Alexander Forbes: Climate change and pension funds

Written by: Alexander Forbes Posted: 13/12/2019

ADV_AlexanderForbesThree degrees of warming would cause negative returns for almost every sector, including financials, agriculture, industrials and consumer staples

A publication by Alexander Forbes’ global strategic partner, Mercer, has revealed the stark realities of the impact of climate change on the planet, with devastating consequences on everything from daily lives, to agricultural production and water resources.

Investing in a Time of Climate Change – The Sequel 2019 represents three climate change scenarios: a 2°C, 3°C and 4°C average warming increase on pre-industrial levels. 

According to the report, a 2°C rise in temperature would result in significant losses between now and 2030 in coal, oil and gas, which would result in opportunities for higher returns on renewable energy investments.

Premal Ranchod, Manager Research Analyst and ESG (environmental, social and governance) champion at Alexander Forbes Investments, contextualises these facts. “If a child with a 2°C rise in temperature is fever-struck, imagine how an unabated temperature rise affects the planet, including its fauna and flora. 

“Extreme weather patterns affect agriculture production and water resources, ultimately affecting the sustainability of society and the environment. It’s just a matter of time until these tangible effects begin to influence asset classes and therefore investment returns.” 

Three degrees of warming would cause negative returns for almost every sector, including financials, agriculture, industrials and consumer staples. The damage would be irreversible should we continue ignoring the signs up to 2030.

“The current trajectory could put us beyond a temperature that humans have ever experienced, some time in the next 30 years,” says Ranchod. “The last time the global mean surface temperature was comparable to today was more than 100,000 years ago. The last time CO2 concentrations were as high as today (over 400 parts per million) was three to four million years ago. 

“And the last time the world was 4ºC warmer was more than 10 million years ago,” he adds. “It’s possible that we could reach 4ºC of warming by the end of the century. Humans have never existed in a warmer time.”

According to the Initial Report on Tackling the Climate Emergency, published in July 2019 by the Government of Jersey, ‘there exists a climate emergency likely to have profound effects in Jersey’. 

The report focuses on Jersey’s aim to be carbon-neutral by 2030 by putting in place ‘more ambitious policies to accelerate carbon reduction’. The financial services industry, too, will be considering the potential impact on the investments and pensions of clients.

In South Africa, the Pension Funds and Climate Risk report by activist organisations Just Share and Client Earth, and accompanying legal opinion from law firm Fasken, requires South African pension fund boards to consider climate change risks in their investment decisions. 

A failure to consider material risks arising from climate change would likely amount to a breach of fiduciary duty by the board of a pension fund, under both South African regulatory frameworks and common law principles. 

Although not binding and ruling, Ranchod acknowledges the spirit of the report and opinion, in addition to the conversations that it has prompted across the industry.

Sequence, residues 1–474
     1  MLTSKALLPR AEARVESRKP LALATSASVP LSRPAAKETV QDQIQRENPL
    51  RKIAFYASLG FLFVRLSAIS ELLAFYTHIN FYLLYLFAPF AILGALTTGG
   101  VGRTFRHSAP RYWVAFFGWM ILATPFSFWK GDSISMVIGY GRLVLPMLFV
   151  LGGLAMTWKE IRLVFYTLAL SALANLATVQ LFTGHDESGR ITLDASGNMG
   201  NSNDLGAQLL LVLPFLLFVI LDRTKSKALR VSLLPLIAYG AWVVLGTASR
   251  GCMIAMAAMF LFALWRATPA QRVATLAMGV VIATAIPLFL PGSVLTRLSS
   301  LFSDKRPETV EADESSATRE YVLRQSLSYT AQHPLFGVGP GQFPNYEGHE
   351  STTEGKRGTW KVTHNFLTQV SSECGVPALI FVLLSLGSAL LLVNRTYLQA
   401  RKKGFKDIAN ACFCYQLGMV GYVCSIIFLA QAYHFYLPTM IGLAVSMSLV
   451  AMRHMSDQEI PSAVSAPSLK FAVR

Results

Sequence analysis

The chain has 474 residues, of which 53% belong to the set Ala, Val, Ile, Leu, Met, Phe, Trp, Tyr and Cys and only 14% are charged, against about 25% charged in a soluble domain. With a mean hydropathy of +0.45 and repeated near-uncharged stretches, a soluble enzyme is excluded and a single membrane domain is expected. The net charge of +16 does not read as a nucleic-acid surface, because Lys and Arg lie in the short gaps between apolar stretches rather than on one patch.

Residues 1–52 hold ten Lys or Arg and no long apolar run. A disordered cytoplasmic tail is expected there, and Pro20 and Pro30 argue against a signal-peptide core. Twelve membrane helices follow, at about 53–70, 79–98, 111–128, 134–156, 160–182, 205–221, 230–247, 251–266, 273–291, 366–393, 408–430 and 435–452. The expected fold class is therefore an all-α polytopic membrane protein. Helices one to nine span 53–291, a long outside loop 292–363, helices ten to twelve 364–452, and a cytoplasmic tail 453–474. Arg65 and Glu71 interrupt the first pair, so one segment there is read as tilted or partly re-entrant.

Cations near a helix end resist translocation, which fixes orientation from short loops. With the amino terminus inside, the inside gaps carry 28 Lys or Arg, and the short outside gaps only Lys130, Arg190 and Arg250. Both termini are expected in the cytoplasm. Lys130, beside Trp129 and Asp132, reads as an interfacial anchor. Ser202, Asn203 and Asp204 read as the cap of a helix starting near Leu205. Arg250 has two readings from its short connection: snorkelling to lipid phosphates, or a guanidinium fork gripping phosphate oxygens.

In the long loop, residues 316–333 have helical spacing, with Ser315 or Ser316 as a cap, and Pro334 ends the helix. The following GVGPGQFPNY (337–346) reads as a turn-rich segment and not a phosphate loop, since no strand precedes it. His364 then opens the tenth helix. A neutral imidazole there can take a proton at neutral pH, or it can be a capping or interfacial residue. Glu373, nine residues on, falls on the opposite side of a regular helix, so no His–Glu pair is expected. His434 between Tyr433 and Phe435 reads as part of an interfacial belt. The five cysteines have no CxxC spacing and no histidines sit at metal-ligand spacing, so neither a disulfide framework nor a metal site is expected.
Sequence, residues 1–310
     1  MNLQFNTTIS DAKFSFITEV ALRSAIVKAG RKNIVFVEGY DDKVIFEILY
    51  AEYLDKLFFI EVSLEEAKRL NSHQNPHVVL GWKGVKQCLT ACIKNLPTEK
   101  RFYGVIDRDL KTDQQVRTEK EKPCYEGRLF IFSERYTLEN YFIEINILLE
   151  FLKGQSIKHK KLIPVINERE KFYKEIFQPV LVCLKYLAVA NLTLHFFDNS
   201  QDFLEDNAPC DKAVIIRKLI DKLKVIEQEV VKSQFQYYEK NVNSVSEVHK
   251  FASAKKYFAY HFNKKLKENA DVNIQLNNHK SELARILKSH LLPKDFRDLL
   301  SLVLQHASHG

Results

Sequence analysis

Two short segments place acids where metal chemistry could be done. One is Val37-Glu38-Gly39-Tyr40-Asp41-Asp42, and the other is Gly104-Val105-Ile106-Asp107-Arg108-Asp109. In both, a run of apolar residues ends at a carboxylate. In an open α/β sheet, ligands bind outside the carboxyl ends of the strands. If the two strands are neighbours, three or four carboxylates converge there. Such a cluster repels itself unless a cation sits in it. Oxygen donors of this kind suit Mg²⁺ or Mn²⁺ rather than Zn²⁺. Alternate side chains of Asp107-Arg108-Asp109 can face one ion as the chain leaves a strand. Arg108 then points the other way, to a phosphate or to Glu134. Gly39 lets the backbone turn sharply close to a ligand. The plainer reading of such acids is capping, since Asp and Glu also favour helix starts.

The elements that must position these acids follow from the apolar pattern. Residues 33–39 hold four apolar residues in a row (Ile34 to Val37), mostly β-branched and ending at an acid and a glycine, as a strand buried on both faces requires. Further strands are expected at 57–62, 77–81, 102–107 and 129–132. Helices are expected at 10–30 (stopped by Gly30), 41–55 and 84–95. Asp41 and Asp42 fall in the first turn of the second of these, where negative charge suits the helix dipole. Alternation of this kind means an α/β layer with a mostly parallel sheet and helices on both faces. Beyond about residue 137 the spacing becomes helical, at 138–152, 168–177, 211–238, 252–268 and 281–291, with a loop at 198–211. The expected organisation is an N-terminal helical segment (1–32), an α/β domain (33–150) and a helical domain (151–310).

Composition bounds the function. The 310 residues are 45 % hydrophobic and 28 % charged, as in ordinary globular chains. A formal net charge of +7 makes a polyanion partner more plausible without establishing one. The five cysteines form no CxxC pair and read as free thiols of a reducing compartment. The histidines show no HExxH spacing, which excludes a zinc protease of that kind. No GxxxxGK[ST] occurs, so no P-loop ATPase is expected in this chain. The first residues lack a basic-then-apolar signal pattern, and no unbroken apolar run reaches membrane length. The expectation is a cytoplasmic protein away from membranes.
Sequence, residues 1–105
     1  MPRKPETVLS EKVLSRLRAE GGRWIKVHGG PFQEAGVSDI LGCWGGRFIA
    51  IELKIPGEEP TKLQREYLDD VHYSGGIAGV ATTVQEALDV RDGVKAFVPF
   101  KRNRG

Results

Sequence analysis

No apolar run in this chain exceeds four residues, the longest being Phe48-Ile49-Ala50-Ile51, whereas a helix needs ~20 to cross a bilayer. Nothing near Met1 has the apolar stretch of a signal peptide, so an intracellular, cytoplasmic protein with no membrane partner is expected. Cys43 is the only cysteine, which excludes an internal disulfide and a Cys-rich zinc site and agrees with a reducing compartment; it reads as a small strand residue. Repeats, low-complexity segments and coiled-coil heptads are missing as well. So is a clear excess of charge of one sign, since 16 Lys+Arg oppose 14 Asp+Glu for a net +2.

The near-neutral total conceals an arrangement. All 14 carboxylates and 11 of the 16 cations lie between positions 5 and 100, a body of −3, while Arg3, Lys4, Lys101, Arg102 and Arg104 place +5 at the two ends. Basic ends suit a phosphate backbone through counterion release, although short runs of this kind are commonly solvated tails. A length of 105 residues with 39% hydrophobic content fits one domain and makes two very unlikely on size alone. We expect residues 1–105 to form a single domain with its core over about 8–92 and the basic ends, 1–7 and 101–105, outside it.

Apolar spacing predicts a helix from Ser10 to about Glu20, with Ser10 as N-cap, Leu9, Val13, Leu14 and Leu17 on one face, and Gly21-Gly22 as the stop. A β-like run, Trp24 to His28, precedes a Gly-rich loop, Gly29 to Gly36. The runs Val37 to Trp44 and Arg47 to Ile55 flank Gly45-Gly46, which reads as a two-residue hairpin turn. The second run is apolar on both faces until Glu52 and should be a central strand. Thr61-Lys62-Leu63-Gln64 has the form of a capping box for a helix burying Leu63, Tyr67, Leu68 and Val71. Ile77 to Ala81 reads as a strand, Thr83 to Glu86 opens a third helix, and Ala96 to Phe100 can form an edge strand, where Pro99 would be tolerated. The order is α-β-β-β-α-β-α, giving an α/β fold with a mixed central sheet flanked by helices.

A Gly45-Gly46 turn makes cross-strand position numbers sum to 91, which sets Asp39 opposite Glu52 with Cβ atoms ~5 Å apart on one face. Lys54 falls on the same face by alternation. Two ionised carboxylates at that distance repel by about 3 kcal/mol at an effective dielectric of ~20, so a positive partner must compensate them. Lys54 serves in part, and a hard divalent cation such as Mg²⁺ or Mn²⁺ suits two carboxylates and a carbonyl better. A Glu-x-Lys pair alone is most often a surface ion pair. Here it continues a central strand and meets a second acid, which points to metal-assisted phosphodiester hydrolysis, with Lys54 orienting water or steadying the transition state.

It is more than likely these discussions will be occurring in Jersey boardrooms as trustees and employers identify and try to mitigate the risks involved around climate change for investors and pensioners.

He recommends that funds practically begin managing these risks by considering the following: 
Beliefs – ESG policy – process – portfolio A fund should define its investment beliefs, which should be articulated in a policy. The portfolio should be managed and reviewed in accordance with the policy.
Be an active steward (active ownership and voting practices) Use influence as shareholders to positively affect a company’s conduct through engagement and proxy voting, and disclose the voting outcomes and reasons for supporting or going against matters.
Allocate to thematic investment Invest in assets specifically related to sustainability. Also, ensure that there is a reporting framework in place that assists in monitoring and measuring the real impact these investments are having. 
Use positive and negative screening Include or exclude companies from share selection according to climate change criteria. 
Disclose carbon exposures and carbon tax valuation Ensure that listed companies disclose their carbon exposures and taxes. The users of financial statements should integrate these financial measures in their assessment of the value they attribute to the companies.

“The global pension fund industry and average fund member are probably under-equipped to attend to these risks,” concludes Ranchod. “However, attempting to be proactive around climate change is helpful to long-term fund solvency and is encouraged by the regulatory environment. Being conscious of where the pounds and pence of pension funds are ultimately going will encourage more sustainable allocation of assets.” 


For further information, please contact:

• Adrian Peacock, Managing Director, Alexander Forbes Channel Islands E:  T: +44 1534 837837

• Sarah Jouhal, Director Wealth Management E:  T: +44 1534 837837

Alexander Forbes Channel Islands Limited (AFCI), registered company number 9596, trading as Alexander Forbes Offshore (AFO), is based in Jersey and is 100% owned by Alexander Forbes Group South Africa. We have been the Jersey presence for Channel Islands employers and employees since 1975 and AFCI is regulated by the Jersey Financial Services Commission. 

• This advertising feature was first published in the November 2019-January 2020 edition of Businesslife magazine

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